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YEAR'S END PUTS STRANGE THINGS ON OUR PLATE

The millennium is trying to work its way into your digestive tract. Eternal vigilance is necessary. And we're not just talking about the phenomenon called -- what were those letters again? Oh yes, Y2K.

We all know that whenever there's any kind of event in the world today, there's a marketing opportunity. As a person who starts getting Thanksgiving press releases during the summer solstice, I accept that fact. Sometimes I even think that's what makes America great.

But the trickle is becoming a flood.

I started out this year vowing I would not become a victim of millennium fever. I took all those swirling rumors of a midnight Champagne shortage in stride, for instance. (The big news now is that there will be no shortage of bubbles on New Year's Eve. What a surprise!)

So what should arrive on my desk from the Krups Corp. but a brand-new battery-powered appliance shaped like a champagne flute, called a "Midnight Cocktail." It's designed to celebrate you-know-what at the stroke of midnight. Don't put the Roederer Cristal in this, folks! The thing is pure plastic, and ugly. It stands over 12 inches tall and comes with a special ice cube tray.

"At the push of a button, a built-in rotating stirrer in the shape of a barman holding the number 2000 blends cocktails for two in a mesmerizing swirl," the accompanying directions say. (My italics.)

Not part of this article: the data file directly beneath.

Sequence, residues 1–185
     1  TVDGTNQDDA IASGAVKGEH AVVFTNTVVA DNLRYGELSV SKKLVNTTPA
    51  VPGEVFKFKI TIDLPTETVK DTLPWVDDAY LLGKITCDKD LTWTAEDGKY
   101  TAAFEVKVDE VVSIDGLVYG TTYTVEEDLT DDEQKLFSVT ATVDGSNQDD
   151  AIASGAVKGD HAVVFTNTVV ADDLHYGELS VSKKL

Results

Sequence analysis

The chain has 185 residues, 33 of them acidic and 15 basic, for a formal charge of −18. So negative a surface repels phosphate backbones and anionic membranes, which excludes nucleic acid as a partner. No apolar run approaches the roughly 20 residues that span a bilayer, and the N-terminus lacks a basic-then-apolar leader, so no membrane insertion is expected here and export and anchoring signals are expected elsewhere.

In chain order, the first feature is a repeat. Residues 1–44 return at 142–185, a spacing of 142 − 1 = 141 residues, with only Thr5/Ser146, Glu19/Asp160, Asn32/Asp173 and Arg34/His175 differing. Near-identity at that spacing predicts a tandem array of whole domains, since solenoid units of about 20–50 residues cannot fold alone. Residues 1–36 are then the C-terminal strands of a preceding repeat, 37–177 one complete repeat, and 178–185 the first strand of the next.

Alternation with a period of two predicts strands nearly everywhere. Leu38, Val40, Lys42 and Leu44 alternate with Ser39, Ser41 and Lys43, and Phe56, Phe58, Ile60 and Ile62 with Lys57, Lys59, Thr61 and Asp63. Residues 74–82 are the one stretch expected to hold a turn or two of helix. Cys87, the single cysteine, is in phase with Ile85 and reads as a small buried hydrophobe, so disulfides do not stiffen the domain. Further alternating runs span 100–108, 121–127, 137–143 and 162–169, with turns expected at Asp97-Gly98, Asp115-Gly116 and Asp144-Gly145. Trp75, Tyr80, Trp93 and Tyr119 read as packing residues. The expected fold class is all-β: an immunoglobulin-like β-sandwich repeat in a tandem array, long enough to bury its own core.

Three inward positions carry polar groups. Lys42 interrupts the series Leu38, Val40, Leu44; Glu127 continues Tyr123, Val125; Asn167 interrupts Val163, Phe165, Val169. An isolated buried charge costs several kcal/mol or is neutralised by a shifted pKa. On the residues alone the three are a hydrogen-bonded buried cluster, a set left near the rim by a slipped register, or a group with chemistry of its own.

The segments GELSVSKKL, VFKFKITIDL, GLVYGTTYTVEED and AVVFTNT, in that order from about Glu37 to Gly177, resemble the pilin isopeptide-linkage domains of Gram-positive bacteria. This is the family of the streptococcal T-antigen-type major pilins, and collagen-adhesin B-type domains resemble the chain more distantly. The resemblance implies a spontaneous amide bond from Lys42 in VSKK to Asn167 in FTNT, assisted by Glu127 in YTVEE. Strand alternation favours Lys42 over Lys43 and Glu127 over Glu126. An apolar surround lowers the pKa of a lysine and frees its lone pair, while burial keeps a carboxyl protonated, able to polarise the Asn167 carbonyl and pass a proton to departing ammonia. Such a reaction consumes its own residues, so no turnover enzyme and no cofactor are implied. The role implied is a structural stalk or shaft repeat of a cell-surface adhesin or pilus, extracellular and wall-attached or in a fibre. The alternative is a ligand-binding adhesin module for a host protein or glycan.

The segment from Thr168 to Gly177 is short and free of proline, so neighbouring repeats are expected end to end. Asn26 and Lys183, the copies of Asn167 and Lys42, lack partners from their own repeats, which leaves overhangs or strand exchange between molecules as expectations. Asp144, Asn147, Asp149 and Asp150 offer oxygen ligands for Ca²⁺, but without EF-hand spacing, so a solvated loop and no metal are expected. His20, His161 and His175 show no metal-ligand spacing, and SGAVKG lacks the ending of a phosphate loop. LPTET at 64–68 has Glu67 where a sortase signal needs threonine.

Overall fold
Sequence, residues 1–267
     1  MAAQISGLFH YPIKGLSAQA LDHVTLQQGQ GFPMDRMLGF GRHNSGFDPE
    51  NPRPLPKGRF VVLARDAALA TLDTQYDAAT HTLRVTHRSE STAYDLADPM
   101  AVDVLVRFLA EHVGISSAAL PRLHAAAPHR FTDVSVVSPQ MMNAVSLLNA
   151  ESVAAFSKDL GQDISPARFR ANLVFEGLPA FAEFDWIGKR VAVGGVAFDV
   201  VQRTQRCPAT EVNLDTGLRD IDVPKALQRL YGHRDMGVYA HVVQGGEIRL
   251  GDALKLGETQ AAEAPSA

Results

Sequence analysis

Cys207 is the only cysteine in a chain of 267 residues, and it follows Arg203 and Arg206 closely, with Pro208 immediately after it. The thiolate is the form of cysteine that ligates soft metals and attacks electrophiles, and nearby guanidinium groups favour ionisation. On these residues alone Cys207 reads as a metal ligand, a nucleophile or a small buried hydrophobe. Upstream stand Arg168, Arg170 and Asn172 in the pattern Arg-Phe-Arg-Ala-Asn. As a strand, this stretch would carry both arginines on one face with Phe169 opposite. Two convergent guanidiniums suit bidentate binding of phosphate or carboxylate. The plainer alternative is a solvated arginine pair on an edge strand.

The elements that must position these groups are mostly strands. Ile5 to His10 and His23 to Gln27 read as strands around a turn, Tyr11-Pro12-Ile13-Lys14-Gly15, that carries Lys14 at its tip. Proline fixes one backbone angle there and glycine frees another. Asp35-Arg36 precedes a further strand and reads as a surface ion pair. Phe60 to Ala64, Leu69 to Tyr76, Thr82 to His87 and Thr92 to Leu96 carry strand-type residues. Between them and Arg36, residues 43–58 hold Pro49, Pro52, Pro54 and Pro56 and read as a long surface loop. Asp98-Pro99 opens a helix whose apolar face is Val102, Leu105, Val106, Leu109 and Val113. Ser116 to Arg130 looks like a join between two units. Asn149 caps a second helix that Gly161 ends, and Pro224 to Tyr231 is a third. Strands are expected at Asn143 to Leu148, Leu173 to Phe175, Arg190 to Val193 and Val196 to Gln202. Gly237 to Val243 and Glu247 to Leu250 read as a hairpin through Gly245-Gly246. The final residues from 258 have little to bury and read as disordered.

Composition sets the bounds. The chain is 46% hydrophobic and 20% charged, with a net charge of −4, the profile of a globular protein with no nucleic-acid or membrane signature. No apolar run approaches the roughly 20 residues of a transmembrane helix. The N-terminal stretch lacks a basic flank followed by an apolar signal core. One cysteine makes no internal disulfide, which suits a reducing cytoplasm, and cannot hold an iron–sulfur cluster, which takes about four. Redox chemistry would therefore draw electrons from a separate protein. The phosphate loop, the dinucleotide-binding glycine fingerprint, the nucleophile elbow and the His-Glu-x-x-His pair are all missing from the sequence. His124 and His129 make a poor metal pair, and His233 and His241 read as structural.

Be the first on your black to get one. For $14.99.

Cocktail mixers are one thing, but classic foods are quite another. Am I the first to introduce you to this new ready-to-eat cereal from General Mills and his girlfriend, the once staid Betty Crocker?

The cereal is called Millenios.

What they really are, of course, are Cheerios that have undergone a makeover. Some clever person suddenly realized that those standard doughnuts made from oat and corn looks like zeros.

Millenios are mixed with what the company calls "crunchy cereal bits" in the shape of -- the number 2.

2000 -- get it?

Just in case you're living in a cave, be advised that the box, which will appear in a grocery store near you shortly, will also feature some millennium-type activity on the back and side panels.

The consumer can answer such questions as: "When will the first woman be elected president of the United States?" (I nominate Betty Crocker.)

These answers can be stored as your personal time capsule; Millenios, of course, are meant to be a collectible. You can even buy limited-edition boxes signed by celebrities on e-Bay.

To trivialize Cheerios is bad enough. How do you feel about the M & M's Millennium Party Box, described as "a limited edition of cool confetti-colored candies in a built-in candy dish"? The dish turns out be the cardboard package, and you can collect all four boxes in a series, if you wish.

The colors are weird, though: hot pink and aquamarine.

I want red, yellow, blue, brown and green. I want tradition.

They have to start leaving sacred things like M & M's alone.

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